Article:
According to researchers, the State that is called the “breadbasket of Brazil” has the potential for substituting the use of electricity, diesel, and, fuel oil by two million mt³ of natural gas in the three sectors that use the most energy
A team from the FAPESP Shell Research Centre for Gas Innovation (RCGI) performed a feasibility study regarding substituting diesel oil, fuel oil, and electricity by natural gas, transported as Liquid Natural Gas (LNG), in the State of Mato Grosso (MT). The LNG would be distributed on a small scale, according to the premise of the researchers who are involved with the RCGI’s Project 26, which is coordinated by Professor Edmilson Moutinho dos Santos. By applying substitution potential estimation methodologies and LNG transport costing tools, the group identified how much of this energy source could be substituted by natural gas in three sectors of economic activity: farming, transportation, and industry.
“We concluded that there is a potential volume of natural gas of 2.1 million mt3 per day to substitute diesel, fuel oil, and electricity in the economic sectors that were studied, and most of the substitution potential is in farming. Electricity and diesel are the most likely to be replaced, because the consumption of those energy sources is very significant and the cost of transporting LNG was shown to be competitive. Substituting fuel oil was less competitive, because the price and volume consumed in the State of Mato Grosso are lower than the other two energy sources that were evaluated,” stated Dorival Santos Jr., Master’s degree student of the Institute for Energy and the Environment of the University of São Paulo (IEE/USP), who is also a researcher on Moutinho’s team.
The biggest substitution rate found was for diesel oil in the farming sector (potential for absorbing approximately 1,2 million mt³/day, which could be used in the grain drying process, for instance); followed by diesel oil in the transportation sector (500,000 mt³/day). Santos says that the focus of the study was to answer several questions, such as: what is the volume of the substitution, where it could be done, and what it would cost, which includes not only purchasing the natural gas, but also the processes for liquefying natural gas, its transportation in trucks, and the storage and regasification of the LNG for consumption.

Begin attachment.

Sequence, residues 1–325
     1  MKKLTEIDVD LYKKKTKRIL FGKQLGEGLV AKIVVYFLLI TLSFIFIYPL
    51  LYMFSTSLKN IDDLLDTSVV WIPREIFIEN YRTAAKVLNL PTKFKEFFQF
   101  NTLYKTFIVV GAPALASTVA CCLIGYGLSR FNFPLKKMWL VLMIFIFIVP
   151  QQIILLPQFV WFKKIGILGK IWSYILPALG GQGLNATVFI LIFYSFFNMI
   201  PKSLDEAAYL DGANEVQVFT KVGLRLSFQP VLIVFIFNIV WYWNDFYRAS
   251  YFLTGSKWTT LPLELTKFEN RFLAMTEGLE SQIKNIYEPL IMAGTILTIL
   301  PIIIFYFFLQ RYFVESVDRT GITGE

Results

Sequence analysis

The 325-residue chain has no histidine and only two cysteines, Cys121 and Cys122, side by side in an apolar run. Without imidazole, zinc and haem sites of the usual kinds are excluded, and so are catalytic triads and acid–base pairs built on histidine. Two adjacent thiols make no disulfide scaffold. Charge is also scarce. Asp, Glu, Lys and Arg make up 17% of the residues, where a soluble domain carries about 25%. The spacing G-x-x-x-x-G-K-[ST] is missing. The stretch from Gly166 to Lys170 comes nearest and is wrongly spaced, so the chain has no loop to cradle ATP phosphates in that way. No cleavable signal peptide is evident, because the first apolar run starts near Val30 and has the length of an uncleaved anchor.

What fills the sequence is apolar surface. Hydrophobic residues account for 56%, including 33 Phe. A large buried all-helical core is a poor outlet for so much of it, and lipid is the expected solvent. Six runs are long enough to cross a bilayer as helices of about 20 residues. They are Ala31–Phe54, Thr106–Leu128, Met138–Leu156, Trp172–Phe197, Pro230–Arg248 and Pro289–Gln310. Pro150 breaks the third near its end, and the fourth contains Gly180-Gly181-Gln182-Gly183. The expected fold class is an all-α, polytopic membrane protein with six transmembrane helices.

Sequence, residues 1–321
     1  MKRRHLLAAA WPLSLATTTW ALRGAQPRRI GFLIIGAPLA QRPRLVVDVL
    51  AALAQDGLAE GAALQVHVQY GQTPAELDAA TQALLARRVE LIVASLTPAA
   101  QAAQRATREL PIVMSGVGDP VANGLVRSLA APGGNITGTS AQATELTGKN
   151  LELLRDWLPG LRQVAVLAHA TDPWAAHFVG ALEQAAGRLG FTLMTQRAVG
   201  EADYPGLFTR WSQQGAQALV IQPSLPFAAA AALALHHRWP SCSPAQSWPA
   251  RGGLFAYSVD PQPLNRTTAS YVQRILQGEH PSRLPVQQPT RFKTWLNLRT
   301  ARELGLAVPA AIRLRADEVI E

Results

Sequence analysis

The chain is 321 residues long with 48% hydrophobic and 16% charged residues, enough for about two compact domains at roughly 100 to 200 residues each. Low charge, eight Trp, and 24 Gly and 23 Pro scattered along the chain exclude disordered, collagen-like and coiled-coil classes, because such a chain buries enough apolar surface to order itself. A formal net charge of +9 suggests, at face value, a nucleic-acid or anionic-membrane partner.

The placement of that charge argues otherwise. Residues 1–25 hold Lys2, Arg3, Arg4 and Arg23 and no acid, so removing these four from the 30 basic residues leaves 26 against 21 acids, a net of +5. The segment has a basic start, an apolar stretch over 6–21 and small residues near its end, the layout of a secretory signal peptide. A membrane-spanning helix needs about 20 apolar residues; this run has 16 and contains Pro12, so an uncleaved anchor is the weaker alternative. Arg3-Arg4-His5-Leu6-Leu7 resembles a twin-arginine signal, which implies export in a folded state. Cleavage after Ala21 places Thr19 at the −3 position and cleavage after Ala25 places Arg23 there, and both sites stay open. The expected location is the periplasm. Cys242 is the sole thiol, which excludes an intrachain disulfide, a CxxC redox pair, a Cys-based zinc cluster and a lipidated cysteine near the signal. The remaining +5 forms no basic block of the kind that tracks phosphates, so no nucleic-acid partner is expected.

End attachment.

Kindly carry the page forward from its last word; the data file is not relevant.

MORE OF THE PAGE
Small-scale natural gas is characterized by the capacity of the liquefaction and regasification plants. Small-scale means a capacity ranging from 320,000 mt3/day to 3.2 million mt3/day (in trucks with capacity for transporting from 30 to 60 mt3). By dividing the State into five micro-regions, according to the official IBGE division, the scientists visualized a geocentric point in each of them, equidistant from the plants that represent the main local economic activities and with access to highways. “We work as though all of the energy consumption takes places at those points, which is not real, but it is a strategy for making a first estimate.”
Breadbasket of Brazil – According to Santos, the State of Mato Grosso was chosen, because it has several specific features. It is the nation’s largest producer of soy beans, cotton, corn, and beef. Its GDP ranks 13th among the Federal units. And there is a gas pipeline, approximately 280 km long, called the Lateral-Cuiabá Gas Pipeline, connecting Bolivia with the capital city of the State of Mato Grosso, Cuiabá. “It is a branch of the Gasbol, with a capacity for transporting approximately four million mt³/day, which comes out of Bolivia and goes to the “city gate” of Cuiabá, to the Mario Covas Thermoelectric Plant, with a 400 MW capacity.
The researcher says that practically all of the natural gas that comes through this branch is destined to supply the thermoelectric plant, which was bought in 2015 by the J&F Group and is currently in a state of “hibernation” due to legal complications.
The idea of the RCGI team is that natural gas would arrive in Cuiabá through the pipeline, be liquefied right there, at the “city gate”, and from there, be transported by highway to the points chosen in the State’s five large regions. In order to be consumed, the natural gas must be regasified. “This regasification process could take place either at the central points of the five mesoregions or directly at the establishments consuming the natural gas,” Santos explained.
In order to stimulate the substitution potential of the use of natural gas in the State of Mato Grosso, the team analyzed the energy balance of the State as published by the Planning Department. “Today, approximately 60% of the fuel consumed in the State of Mato Grosso is derived from petroleum, which is acquired from other producing States. The fact that the State has a significant frontier with Bolivia, which has the largest natural gas reserves in South America, and that it already has a gas pipeline built to its State Capital represents a logistical advantage for locally increasing the consumption of natural gas. We must remember that besides these logistical prerogatives, natural gas holds environmental advantages over the other fossil fuels,” Santos stated.